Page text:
4. Repeat Step three to add a Unison effect, assigning a rotary to the Dry/Wet control, and a button to the Enabled switch. Make sure you select the Scream before creating the Unison, so that audio is routed automatically.
5. Add a delay device, and map knobs to Dry/Wet, Delay Time (Steps), and the usual Enabled button. You can now save your patch.
As well as being able to change the effects from the front panel, you can save multiple copies of the patch with different knob settings. (For even more on basic Combinator building techniques, see the June 2005 Reason workshop.)
The Factory Sound Bank includes a folder of Combinator presets named Performance Patches. These are all examples of live configurations, with various splits, layers, and control schemes, and can be a great source of inspiration. The 'Ac Bass+Ride & Rhodes Split' patch is a really nice example of an addictively playable split. I also highly recommend that you check out the patch called 'Vintage Warp Record'. This beauty requires that Reason be playing back to work properly. It's an example of what you can do when you start adding drum machines and step sequencers, and should give you an idea of where we're headed next month.
Apparently, there are people who can play keyboards with both hands at the same time. If you have this freakish talent you can take advantage of keyboard splits. Even us one-hand-at-a-time players can benefit from layering sounds. The Combinator makes it very easy to set up patches with multiple sound sources divided up across the keyboard. In the next example, we'll extend the Rhodes patch so that you can play a pad with your left hand.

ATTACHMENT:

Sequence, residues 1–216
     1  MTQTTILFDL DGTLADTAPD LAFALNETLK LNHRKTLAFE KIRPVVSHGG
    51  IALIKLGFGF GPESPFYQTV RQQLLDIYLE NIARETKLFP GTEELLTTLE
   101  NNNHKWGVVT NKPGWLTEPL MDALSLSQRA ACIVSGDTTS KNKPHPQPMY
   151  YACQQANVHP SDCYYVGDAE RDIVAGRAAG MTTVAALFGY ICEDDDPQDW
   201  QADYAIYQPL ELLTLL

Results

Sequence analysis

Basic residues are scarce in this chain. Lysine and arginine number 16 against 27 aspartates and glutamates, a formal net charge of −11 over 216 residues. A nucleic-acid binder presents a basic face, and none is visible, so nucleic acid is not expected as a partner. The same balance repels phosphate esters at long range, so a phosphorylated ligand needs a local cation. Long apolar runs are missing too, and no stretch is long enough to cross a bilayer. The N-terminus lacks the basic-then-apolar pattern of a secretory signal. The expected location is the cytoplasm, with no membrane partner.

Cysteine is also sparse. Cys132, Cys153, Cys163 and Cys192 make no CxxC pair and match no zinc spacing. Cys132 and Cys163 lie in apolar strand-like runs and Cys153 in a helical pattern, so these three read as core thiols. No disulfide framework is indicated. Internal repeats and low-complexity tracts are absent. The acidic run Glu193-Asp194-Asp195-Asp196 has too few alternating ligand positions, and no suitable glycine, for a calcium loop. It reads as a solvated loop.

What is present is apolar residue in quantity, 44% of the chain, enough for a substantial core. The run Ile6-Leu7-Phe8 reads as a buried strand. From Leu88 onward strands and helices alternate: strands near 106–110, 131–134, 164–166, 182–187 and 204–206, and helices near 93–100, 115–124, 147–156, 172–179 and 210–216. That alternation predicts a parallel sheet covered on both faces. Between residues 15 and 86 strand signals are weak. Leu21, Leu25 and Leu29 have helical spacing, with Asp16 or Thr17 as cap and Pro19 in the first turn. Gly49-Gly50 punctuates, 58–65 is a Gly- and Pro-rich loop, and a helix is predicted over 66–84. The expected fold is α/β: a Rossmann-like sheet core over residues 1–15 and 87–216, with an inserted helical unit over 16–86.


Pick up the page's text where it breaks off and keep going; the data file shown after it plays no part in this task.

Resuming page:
2. Now that there are two instrument chains in the patch, you need a mixer, so create a Line Mixer 6:2 device.
3. Press Tab to revolve the rack. Connect the main outputs of the Malström to the first inputs on the mixer. Re-cable the outputs from the last device in the Rhodes device chain (which is the delay unit) into the second input on the mixer. Finally, connect the main outputs of the line mixer to the Combinator 's 'From Devices' inputs. You should now be able to hear both instruments when you play the keyboard.
4. Choose a pad sound: I've chosen 'Fundamentals' from the Factory Sound Bank's Malström patch collection.
5. Now you can set up the keyboard split. This is done from the left-hand panel of the Combinator 's Programmer, which has a keyboard zone map just like a sampler. By default, the two instruments in the patch are layered, because they are mapped across all the keys. Adjust the bars next to the NNXT and the Malström so that the sampler only responds to keys from C3 upwards, and the synth responds to keys below C3. You'll need to scroll the display left or right to find the ends of the zones.